This radioactive state of a carbon nucleus could be easily formed in stars from three helium nuclei. After that, there would be no problem in producing ordinary carbon; the carbon nucleus in its radioactive state would spontaneously emit light and turn into carbon in its normal nonradioactive state, the state found on earth. The critical point in producing carbon is the existence of a radioactive state that can be produced in collisions of three helium nuclei.

In fact, the carbon nucleus is known experimentally to have just such a radioactive state, with an energy 7.65 MeV above the normal state. At first sight this may seem like a pretty close call; the energy of this radioactive state of carbon misses being too high to allow the formation of carbon (and hence of us) by only 0.05 MeV, which is less than one percent of 7.65 MeV. It may appear that the constants of nature on which the properties of all nuclei depend have been carefully fine-tuned to make life possible.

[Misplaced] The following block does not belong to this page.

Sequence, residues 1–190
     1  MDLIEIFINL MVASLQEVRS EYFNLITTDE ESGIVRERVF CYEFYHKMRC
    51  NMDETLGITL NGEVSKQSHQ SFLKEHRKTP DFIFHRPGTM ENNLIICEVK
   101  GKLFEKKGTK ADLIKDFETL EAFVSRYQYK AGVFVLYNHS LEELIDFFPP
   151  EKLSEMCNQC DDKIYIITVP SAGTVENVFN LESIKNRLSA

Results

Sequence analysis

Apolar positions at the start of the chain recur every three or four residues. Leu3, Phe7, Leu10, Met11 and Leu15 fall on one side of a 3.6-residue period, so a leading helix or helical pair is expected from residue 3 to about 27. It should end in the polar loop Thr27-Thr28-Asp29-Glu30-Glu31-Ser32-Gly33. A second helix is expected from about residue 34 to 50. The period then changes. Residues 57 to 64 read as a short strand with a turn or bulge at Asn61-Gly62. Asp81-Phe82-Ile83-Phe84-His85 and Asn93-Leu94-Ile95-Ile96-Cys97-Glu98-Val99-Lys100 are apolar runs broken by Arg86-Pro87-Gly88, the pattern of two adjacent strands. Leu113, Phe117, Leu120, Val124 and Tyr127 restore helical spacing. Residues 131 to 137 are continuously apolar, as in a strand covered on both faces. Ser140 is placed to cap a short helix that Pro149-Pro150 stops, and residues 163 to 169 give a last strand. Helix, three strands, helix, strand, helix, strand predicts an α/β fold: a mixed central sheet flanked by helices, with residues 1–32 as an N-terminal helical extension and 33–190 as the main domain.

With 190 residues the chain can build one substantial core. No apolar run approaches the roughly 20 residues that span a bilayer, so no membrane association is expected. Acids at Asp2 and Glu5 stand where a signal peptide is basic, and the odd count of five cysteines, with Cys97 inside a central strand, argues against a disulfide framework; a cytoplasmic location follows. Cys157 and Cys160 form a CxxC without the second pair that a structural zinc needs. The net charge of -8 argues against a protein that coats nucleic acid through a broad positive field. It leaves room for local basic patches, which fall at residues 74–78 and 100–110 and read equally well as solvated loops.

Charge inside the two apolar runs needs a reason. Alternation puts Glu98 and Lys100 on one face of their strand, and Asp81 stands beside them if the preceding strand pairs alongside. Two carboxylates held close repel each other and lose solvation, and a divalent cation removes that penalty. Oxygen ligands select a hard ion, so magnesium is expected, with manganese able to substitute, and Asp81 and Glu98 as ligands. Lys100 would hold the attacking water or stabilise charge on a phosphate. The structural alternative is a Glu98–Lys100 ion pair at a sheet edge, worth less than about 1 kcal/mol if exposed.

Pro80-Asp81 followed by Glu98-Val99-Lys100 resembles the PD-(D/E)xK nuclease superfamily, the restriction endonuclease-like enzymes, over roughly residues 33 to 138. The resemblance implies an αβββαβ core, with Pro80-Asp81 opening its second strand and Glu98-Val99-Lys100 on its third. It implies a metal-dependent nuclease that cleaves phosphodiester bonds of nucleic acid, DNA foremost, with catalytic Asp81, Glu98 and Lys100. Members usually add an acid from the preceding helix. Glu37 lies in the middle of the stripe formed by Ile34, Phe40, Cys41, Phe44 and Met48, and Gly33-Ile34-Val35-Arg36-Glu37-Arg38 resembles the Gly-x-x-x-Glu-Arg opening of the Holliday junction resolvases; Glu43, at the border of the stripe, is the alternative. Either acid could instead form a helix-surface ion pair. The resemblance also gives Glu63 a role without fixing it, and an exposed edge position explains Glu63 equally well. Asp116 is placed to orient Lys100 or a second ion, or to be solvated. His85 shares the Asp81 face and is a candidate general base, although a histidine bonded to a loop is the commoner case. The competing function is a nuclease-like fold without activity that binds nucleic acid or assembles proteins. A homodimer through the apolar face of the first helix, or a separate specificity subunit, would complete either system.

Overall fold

Looked at more closely, the fine-tuning of the constants of nature here does not seem so fine. We have to consider the reason why the formation of carbon in stars requires the existence of a radioactive state of carbon with an energy not more than 7.7 MeV above the energy of the normal state. The reason is that the carbon nuclei in this state are actually formed in a two-step process: first, two helium nuclei combine to form the unstable nucleus of a beryllium isotope, beryllium 8, which occasionally, before it falls apart, captures another helium nucleus, forming a carbon nucleus in its radioactive state, which then decays into normal carbon. The total energy of the beryllium 8 nucleus and a helium nucleus at rest is 7.4 MeV above the energy of the normal state of the carbon nucleus; so if the energy of the radioactive state of carbon were more than 7.7 MeV it could only be formed in a collision of a helium nucleus and a beryllium 8 nucleus if the energy of motion of these two nuclei were at least 0.3 MeV--an energy which is extremely unlikely at the temperatures found in stars.